Making peace in Syria

doveThe stories in the news from Syria in recent weeks and months make difficult reading; it can be hard to know how to engage with a situation which seem so difficult and almost hopeless.

It is in these most difficult circumstances that Viva is partnering with three teams of young leaders who are running ‘child friendly spaces’ for vulnerable children in conflict-affected parts of Syria.

On my recent trip to Lebanon, I was privileged to spend three days giving training and helping to lead a retreat for these teams. As well as covering the basics of how to run a child friendly space (CFS), we looked at topics including how to keep children safe, how to include children with disabilities, and how to care for ourselves.

One of the best parts of the training was when a different team took a turn to share some of the games and activities they have been doing with children in their CFS. It was deeply encouraging to see the teams form friendships, share ideas together and be a support to one another.


In another session, the teams worked in groups to create a visual image to express their understanding of the purpose of a CFS, and through the three examples they presented I was reminded again of how significant this project is in the lives of children:

saving-livesOne group used an image of an injured person receiving critical life-saving first aid. This highlighted one of the key purposes of the child friendly spaces – to be a place where children receive support to deal with the ‘injuries’ they have received in the experiences they have been through – experiences of being forced to flee their home, losing a parent, witnessing or experiencing violence.

Through targeted psychosocial support activities, as well as simply by providing a safe place with caring and supportive adults, children can receive the help they need to be able to cope. In the longest-running CFS, evaluation through surveys with parents this year have shown that the number of children with severe emotional difficulties has more than halved.

thriveTwo groups used the image of a plant being tended to and growing as it is cared for. This illustrates the longer term impact of the CFS and the heart of the team to see each child cared for and reaching their potential. This reality is brought to life through the many stories of individual children that the teams have to share. A girl who came to the CFS every week but wouldn’t say a word suddenly starting to talk after many months. A boy with physical disabilities is now being supported to be included in all activities.

place-of-hopeThe last group presented the CFS as an oasis in a desert, a source of refreshment in a place where there is no water. This metaphor powerfully represents the reality I see in the work these teams are doing – providing vital and life-giving support in a desperate situation.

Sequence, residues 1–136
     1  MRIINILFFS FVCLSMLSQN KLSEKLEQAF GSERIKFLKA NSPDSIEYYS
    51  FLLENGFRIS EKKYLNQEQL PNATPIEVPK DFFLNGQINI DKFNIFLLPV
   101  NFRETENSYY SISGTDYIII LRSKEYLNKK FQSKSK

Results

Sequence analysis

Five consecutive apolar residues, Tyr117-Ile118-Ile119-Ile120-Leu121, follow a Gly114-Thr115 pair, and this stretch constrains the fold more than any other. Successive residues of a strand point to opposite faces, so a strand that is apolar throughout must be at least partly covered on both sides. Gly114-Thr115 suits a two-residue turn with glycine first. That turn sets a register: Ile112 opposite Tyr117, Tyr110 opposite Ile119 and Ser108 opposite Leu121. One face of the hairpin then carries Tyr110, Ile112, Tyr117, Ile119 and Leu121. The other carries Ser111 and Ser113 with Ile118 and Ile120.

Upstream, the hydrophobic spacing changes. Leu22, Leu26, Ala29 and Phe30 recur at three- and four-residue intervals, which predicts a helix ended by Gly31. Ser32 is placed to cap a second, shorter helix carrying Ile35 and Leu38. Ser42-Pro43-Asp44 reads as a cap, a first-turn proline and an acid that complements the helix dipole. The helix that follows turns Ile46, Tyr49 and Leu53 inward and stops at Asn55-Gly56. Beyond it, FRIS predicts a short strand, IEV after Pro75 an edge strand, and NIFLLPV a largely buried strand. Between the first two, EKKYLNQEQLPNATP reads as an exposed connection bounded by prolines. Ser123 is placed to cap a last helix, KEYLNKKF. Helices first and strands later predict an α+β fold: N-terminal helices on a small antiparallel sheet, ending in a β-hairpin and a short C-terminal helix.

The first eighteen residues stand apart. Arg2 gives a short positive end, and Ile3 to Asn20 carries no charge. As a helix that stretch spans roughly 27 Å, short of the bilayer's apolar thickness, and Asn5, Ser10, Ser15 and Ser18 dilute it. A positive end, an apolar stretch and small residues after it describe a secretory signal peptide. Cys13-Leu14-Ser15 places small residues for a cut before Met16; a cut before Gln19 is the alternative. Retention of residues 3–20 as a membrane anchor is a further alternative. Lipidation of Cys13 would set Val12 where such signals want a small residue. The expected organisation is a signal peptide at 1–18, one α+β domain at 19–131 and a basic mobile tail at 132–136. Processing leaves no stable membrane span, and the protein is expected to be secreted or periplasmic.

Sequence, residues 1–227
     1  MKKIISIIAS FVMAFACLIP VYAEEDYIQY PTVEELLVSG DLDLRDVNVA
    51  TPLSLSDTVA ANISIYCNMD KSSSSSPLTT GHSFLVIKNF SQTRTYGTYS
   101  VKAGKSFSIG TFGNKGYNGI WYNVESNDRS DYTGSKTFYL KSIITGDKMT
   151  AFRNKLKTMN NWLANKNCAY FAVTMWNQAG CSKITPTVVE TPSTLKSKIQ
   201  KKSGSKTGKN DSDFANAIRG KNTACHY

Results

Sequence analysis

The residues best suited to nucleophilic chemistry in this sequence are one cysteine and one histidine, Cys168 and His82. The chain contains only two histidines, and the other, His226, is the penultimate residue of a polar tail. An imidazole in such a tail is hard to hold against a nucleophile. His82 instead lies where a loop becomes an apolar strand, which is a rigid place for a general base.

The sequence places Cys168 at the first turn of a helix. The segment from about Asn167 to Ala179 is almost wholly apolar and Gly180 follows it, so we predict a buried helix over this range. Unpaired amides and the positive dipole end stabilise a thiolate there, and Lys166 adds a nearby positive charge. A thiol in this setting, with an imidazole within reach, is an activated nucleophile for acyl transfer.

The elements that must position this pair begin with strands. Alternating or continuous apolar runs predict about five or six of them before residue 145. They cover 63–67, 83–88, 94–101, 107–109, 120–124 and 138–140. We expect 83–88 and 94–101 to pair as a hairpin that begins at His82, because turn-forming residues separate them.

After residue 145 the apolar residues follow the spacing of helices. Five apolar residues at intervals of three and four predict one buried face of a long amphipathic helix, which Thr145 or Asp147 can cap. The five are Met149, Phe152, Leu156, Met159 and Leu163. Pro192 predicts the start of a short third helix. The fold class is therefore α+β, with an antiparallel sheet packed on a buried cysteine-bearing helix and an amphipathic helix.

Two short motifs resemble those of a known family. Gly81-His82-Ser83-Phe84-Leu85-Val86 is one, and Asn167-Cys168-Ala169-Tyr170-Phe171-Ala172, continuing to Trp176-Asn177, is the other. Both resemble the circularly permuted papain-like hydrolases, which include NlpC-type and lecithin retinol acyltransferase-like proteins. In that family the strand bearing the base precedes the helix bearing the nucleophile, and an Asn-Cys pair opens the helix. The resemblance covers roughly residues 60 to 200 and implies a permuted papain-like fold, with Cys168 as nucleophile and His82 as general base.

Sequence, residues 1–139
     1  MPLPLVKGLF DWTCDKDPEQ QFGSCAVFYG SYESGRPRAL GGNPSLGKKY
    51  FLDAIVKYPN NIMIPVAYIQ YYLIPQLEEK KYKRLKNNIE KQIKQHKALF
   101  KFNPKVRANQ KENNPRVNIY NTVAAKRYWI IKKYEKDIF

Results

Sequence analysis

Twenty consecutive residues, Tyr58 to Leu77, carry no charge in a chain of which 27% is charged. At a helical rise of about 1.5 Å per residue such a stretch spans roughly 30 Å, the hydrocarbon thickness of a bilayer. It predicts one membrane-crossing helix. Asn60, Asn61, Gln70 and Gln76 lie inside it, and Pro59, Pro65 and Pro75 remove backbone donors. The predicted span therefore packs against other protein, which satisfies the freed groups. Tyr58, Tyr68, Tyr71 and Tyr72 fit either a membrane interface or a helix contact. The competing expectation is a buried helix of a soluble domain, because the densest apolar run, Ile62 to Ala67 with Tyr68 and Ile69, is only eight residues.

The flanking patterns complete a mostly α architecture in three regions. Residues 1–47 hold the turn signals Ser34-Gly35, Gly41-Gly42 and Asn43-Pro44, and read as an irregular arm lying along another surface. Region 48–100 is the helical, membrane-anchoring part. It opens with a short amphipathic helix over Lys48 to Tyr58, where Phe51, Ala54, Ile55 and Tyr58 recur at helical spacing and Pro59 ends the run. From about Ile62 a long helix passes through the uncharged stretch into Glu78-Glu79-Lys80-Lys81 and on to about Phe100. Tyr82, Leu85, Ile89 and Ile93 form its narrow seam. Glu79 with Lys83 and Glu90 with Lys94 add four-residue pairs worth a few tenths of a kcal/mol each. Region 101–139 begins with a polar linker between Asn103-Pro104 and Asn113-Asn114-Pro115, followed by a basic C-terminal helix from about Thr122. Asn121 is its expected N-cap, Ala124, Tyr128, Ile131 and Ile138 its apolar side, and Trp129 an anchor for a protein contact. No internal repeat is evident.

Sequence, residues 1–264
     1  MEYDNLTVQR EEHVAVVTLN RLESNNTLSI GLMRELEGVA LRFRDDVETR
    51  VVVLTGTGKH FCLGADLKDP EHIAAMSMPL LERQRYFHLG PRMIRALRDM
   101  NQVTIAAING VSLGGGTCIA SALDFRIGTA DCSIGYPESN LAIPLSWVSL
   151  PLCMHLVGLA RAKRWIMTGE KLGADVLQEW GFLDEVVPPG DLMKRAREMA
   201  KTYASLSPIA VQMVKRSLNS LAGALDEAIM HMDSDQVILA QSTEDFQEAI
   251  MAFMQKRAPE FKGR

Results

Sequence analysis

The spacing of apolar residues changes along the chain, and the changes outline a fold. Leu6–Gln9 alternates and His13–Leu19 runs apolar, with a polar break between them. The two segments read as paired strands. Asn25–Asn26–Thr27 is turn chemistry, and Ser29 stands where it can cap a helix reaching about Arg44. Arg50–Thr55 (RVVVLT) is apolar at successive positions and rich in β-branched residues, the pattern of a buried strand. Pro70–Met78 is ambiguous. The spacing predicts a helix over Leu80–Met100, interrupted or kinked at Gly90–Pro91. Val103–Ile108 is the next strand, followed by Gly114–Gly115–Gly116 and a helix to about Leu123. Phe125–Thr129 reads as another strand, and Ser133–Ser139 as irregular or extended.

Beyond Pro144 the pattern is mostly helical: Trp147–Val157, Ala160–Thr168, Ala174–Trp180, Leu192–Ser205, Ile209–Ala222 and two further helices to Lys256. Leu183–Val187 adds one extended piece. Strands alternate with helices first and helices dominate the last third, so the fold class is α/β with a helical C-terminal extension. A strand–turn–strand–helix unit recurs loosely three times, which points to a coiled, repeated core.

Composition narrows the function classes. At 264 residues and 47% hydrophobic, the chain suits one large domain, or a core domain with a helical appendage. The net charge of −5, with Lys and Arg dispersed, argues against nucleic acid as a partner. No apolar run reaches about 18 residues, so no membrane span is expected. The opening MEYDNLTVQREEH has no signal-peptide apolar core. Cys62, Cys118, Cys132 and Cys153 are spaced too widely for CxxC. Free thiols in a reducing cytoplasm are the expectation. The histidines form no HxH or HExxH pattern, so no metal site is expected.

One of the CFS projects is located in a very insecure area, frequently under bombardment; one of the team there told me about how you can get used to living with the very real reality that you might die that day. In this location, the CFS is located in the basement of the church where the team are members – and fittingly, this basement is the safest place in the town, also used as a shelter during bombardments. Just like its location, the CFS is providing a safe place of sanctuary for children in the most insecure times.

beatitudes-smallThroughout the time together we also spent time looking at the Beatitudes, day by day creating a picture together as we thought about each one of Jesus’ statements. When we talked about Jesus’ words in Matthew 5:9, ‘Blessed are the peacemakers, for they will be called children of God,’ it was a moving discussion as the teams talked about the need for real and lasting peace, and for the conflict to stop. In some ways, this seemed like an impossible dream, where the reality seems to be things getting worse rather than better.

But we also talked about the other ways that peace can appear and grow, from within and from underneath, inside us and between people, springing up in surprising and unexpected ways. As I looked at the CFS leaders, I was deeply convicted that in fact they are peacemakers – every activity planned, every kind word, every moment of encouragement to these children, is a moment of peace.

And so, when I am overwhelmed, as I am almost daily by the news I read, I call to mind the determined compassion of these young leaders, and what God is doing in them and through them to build peace and make a difference to some of the most at-risk children.


When asked about his hopes for the CFS, one of the team said, “I wish that the children we’re working with will be in a better place and the war will end. I hope that the love and care we invest in these children will be like a seed and it will grow with them so that there will be something better for the whole world.”

Blessed are the peacemakers.